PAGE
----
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Ulcerated and Verrucous Plaque on the Chest

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Ulcerated and verrucous plaque on the chest

A 36-year-old man presented to an emergency department in the southwestern United States with a cough, fatigue, and worsening back pain associated with night sweats of 1 month’s duration. He experienced a 9.07-kg weight loss, as well as development of a rough, nontender, nonpruritic rash along the left upper chest over the prior month. The patient was born in West Africa and reported that he had moved to the southwestern United States from the eastern United States approximately 6 years prior to presentation. Physical examination on admission revealed a 5×3-cm, purple-brown, verrucous plaque with a central pink cobblestone appearance and ulceration. Chest radiography was notable for perihilar adenopathy with no focal infiltrates or cavitary lesions. Computed tomography and magnetic resonance imaging of the chest were notable for miliary nodules throughout the lungs; extensive lytic spine lesions of cervical, thoracic, and lumbar vertebral bodies and left twelfth rib; and a left paraspinal thoracic epidural soft tissue phlegmon. Initial laboratory investigations revealed peripheral eosinophilia without absolute leukocytosis and a microcytic anemia.

What's your diagnosis?

cutaneous leishmaniasis

disseminated blastomycosis

disseminated coccidioidomycosis

disseminated histoplasmosis

lupus vulgaris

The Diagnosis: Disseminated Coccidioidomycosis

A6-mm punch biopsy was performed at the periphery of the ulcerated cutaneous lesion on the chest revealing extensive spherules. Serum antibody immunodiffusion for histoplasmosis and blastomycoses both were negative; however, B-D-glucan assay was positive at 364 pg/mL (reference range: <60 pg/mL, negative). Initial HIV-1 and HIV-2 antibody and antigen testing was negative as well as repeat testing at 3 weeks. Immunodiffusion for Coccidioides IgM and IgG was positive, and cocci antibody IgG complement fixation assays were positive at titers of 1:64 (reference range: <1:2, negative). A computed tomography needle-guided biopsy of the paravertebral soft tissue was performed. Gram stains and bacterial cultures of the biopsies were negative; however, fungal cultures were notable for growth of Coccidioides. Given the pertinent testing, a diagnosis of disseminated coccidioidomycosis was made.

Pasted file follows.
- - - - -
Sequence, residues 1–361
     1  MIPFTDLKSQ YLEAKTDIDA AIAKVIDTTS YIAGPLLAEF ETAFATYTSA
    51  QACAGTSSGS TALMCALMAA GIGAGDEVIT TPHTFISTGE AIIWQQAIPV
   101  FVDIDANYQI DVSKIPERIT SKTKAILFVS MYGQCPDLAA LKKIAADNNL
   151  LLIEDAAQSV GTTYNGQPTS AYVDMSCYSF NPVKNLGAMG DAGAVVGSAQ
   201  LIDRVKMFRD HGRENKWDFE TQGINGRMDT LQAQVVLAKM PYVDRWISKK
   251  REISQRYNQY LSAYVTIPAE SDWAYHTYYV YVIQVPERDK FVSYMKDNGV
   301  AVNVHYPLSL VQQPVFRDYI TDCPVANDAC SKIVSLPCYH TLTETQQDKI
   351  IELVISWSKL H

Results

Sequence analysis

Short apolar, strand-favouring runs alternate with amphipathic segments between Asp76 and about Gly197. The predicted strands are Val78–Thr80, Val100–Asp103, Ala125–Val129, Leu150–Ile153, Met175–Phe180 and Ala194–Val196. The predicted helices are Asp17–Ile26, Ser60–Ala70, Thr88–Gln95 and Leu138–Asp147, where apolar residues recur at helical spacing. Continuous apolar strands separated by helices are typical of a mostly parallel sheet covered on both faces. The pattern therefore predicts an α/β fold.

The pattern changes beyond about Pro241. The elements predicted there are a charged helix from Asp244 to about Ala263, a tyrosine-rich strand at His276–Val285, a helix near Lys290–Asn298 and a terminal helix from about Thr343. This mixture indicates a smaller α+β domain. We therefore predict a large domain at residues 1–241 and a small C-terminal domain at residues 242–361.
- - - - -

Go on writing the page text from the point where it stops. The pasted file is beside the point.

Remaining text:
Cutaneous coccidioidomycosis can occur in 3 situations: direct inoculation (primary cutaneous coccidioidomycosis), disseminated infection (disseminated cutaneous coccidioidomycosis), or as a reactive component of pulmonary infection.1,2 Of them, primary and disseminated cutaneous coccidioidomycosis are organism specific and display characteristic spherules and fungus on histopathology and cultures, respectively. Reactive coccidioidomycosis differs from organism-specific disease, as it does not contain spherules in histopathologic sections of tissue biopsies.1 Reactive skin manifestations occur in 12% to 50% of patients with primary pulmonary infection and include erythema nodosum, erythema multiforme, acute generalized exanthema, reactive interstitial granulomatous dermatitis, and Sweet syndrome.3

Organism-specific cutaneous coccidioidomycosis most often is correlated with hematogenous dissemination of primary pulmonary disease rather than direct inoculation of skin.1 The skin is the most common site of extrapulmonary involvement in disseminated coccidioidomycosis, and cutaneous lesions have been reported in 15% to 67% of cases of disseminated disease.1,4 In cutaneous disseminated disease, nodules, papules, macules, and verrucous plaques have been described. In a case series of disseminated cutaneous coccidioidomycosis, nodules were the most common cutaneous presentation and occurred in 39% (7/18) of patients, while verrucous plaques were the rarest and occurred in only 6% (1/18) of patients.5

The rate of coccidioidomycosis dissemination varies based on exposure and patient characteristics. Increased rates of dissemination have been reported in patients of African and Filipino descent, along with individuals that are immunosuppressed due to disease or medical therapy. Dissemination is clinically significant, as patients with multifocal dissemination have a greater than 50% risk for mortality.6